As a Christian, I believe the chief work is done by Christ. But we Christians must do the work of focusing our thought life on positives. Maybe you’re surrounded by hounds who criticize. Maybe you need to cancel your EnvyBook account. It’s astonishing what a little Bible-reading and prayer can do to lift your spirits.
Tag Archives: hopelessnessImage Image
When I was kid, I felt sorry for myself intensely. When bigger kids pushed me around and my mom wouldn’t go out and make it right, I gloated on my woes. Self-pity has been an evil that has plagued me even up to the present.
The good thing is that she has a twin called Compassion. As with many “evils,” you can flip them and make them good. When I took aptitude tests in high school, I scored low or average on everything — but they didn’t even measure the deep well of gifting God had given me. Compassion and empathy have driven years of successful ministry. Feeling others’ pain keeps me in prayer.
Self-aggrandizement is a wicked
motivation to get in ministry. The only true calling is serving others. Consider the contrast: Jesus reflects on the hungry multitudes, “I have compassion on them.” The disciples reflect harsh realities, “And where are we gonna get the money to feed them???” (Matt 15 32 – 39).
Are you more like Christ or his disciples? The case is all the worse if you realize the disciples HAD the money to buy enough food (Luke 8:3) — they just were selfish! Compassionlessness is ugly.
So if you suffer from self-pity, don’t despair. Just turn your eyes outward, and you’ll become a marvelously effective servant of God/ of humanity!
Frederich Nietzsche repudiated hope. He energetically discredited Christianity and morality. In its place, he taught nihilism, the belief in nothing. As a result, he went mad for 10 years prior to his death. His legacy? He inspired Hitler to carry out the nefarious pogrom against the Jews. His heirs — the existentialists like Beckett, Sartre and Camus — have continued to strip Western Civilization of its Christian moorings. Society applauded their philosophies and then wondered why massacres occur.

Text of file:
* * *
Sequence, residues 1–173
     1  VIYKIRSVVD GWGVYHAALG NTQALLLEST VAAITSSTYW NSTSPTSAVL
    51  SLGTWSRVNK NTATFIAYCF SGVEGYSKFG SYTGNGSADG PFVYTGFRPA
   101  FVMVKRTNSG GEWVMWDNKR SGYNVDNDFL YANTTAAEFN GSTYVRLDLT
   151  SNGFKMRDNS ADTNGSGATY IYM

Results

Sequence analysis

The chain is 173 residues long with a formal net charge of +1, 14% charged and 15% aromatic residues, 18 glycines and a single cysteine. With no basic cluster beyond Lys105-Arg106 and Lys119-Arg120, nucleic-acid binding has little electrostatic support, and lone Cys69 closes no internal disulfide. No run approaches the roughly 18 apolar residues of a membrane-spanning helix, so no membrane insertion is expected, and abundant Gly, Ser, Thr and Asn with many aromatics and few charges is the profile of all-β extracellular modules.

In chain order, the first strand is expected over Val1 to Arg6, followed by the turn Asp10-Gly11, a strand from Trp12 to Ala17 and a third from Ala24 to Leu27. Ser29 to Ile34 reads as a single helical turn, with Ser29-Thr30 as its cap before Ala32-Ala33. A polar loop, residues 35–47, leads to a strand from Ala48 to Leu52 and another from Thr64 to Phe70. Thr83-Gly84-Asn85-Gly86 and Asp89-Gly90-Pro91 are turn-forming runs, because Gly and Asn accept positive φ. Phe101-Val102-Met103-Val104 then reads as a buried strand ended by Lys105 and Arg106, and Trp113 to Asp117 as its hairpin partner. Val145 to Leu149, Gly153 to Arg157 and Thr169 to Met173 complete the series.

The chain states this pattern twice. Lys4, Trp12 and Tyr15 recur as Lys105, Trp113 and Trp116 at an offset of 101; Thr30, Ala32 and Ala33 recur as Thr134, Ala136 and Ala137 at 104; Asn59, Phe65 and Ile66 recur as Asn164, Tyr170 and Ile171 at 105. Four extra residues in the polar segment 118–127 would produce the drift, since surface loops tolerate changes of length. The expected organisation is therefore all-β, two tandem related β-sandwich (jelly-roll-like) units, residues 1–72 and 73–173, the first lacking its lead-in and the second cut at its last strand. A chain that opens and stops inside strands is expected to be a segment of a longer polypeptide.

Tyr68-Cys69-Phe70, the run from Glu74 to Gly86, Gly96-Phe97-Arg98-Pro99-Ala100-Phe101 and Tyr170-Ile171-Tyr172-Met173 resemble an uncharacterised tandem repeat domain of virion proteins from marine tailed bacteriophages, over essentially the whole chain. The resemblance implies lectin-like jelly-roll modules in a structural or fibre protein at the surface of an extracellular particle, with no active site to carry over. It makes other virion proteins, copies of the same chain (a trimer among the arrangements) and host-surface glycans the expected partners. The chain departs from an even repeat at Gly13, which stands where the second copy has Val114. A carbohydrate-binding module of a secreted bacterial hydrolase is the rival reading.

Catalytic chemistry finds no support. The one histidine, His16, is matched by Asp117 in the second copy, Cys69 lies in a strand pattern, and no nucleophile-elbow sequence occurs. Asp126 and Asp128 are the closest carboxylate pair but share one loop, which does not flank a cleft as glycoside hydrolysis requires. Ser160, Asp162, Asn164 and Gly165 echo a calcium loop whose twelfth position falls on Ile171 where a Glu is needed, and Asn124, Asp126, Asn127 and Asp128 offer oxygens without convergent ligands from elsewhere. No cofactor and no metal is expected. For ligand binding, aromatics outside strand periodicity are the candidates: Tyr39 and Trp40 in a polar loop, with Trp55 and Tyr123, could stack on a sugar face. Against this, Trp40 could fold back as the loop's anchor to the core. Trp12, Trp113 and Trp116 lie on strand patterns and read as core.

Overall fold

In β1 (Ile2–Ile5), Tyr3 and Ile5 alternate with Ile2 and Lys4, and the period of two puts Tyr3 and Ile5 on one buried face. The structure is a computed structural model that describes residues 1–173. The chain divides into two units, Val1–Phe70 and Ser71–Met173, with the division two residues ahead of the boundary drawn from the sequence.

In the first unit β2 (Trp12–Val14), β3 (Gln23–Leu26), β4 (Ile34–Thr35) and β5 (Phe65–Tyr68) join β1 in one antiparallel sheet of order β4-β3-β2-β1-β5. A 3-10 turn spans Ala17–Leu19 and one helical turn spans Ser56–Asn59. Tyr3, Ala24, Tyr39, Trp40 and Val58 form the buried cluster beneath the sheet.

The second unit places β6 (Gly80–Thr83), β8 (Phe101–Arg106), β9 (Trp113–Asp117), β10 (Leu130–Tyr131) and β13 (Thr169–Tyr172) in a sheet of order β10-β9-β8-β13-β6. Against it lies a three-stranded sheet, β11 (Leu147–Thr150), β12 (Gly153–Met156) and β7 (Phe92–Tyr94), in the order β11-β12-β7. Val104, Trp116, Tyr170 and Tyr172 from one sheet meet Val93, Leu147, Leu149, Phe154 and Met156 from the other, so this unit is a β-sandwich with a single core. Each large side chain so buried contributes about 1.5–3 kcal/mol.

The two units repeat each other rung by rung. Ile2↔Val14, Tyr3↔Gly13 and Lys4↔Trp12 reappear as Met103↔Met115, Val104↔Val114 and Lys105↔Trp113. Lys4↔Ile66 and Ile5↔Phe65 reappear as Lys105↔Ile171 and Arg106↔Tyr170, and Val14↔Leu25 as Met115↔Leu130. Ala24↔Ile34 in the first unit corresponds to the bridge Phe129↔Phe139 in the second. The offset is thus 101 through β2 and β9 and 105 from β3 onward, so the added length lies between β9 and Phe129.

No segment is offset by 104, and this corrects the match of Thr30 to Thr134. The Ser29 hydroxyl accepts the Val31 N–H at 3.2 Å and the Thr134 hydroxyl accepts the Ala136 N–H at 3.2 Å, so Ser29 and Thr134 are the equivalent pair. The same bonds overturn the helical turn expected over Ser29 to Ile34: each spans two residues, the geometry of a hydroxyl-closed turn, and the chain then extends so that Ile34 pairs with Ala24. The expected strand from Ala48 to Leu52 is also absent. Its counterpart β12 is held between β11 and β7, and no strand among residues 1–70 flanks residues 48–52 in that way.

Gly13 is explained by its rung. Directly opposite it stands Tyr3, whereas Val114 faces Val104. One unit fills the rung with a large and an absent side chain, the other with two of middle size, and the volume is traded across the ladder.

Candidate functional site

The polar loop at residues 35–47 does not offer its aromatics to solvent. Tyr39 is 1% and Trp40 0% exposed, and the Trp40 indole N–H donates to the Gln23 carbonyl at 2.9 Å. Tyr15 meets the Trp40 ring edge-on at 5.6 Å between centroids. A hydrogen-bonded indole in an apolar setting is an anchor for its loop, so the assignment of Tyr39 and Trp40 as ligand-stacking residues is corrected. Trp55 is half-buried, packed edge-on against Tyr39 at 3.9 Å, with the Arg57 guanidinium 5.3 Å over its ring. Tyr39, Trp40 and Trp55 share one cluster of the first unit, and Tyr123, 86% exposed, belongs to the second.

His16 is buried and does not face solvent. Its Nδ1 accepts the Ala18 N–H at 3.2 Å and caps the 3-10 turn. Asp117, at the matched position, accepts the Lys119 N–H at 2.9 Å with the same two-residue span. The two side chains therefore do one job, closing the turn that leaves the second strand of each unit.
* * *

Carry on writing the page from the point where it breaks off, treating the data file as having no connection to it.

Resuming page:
I’ll take hope over hopelessness any day! Hope is a gift from God. There is no hope outside of God.
Hope is the middle child sandwiched between her famous sisters: And now these three remain: faith, hope and love. — 1 Cor. 13:13 NIV. Though “hope” gets a lot less press, she is by no means the lesser child.
The greatest possession you could have is hope. Once you have lost hope, you have expired.
Christianity has been the piñata for philosophers for a long time. What they offer in its place is despair and drinking. True Christianity — not the perversions false Christians cite — is the only source of hope for humanity.
Crisis reigns in Israel. Not only have they lost the Philistine war, the ark of the covenant, Israel’s one great treasure, has been captured. Now, it lies deep within enemy territory, in their temple, a tribute to their god, a mockery to the one true God. True believers are in disgrace.
But when there is absolutely no hope, God’s not panicked. Instead, He uses the hopelessness to glorify Himself. The first night His holy ark is in a pagan temple, he makes the idol Dagon bow before it.
When the people of Ashdod rose early the next day, there was Dagon, fallen on his face on the ground before the ark of the LORD! They took Dagon and put him back in his place. – 1 Sam. 5:3 NIV. The Philistines don’t get. They think it’s a fluke.
But the following morning when they rose, there was Dagon, fallen on his face on the ground before the ark of the LORD! His head and hands had been broken off and were lying on the threshold; only his body remained. – 1 Sam. 5:4 NIV.
Things are about to get worse, and the Philistines grow terrified. The message is clear: You don’t make a trophy of the one true God to honor false gods. That is what the Philistines learn.
The Israelites learn that God can act alone, without any human intervention. At the end of the story, the Philistines send the ark back to Israel voluntarily. There is no military raid to recover it. No high-level diplomatic negotiations. No agreement to exchange war prisoners. To the Israelite perspective, it is starkly an Act of God.
Maybe you need an Act of God for your desperate circumstances today. Instead of wringing your hands, fold them in prayer. Instead of anxiety, let quiet trust reign in your heart.
God doesn’t need you. He needs only your prayers.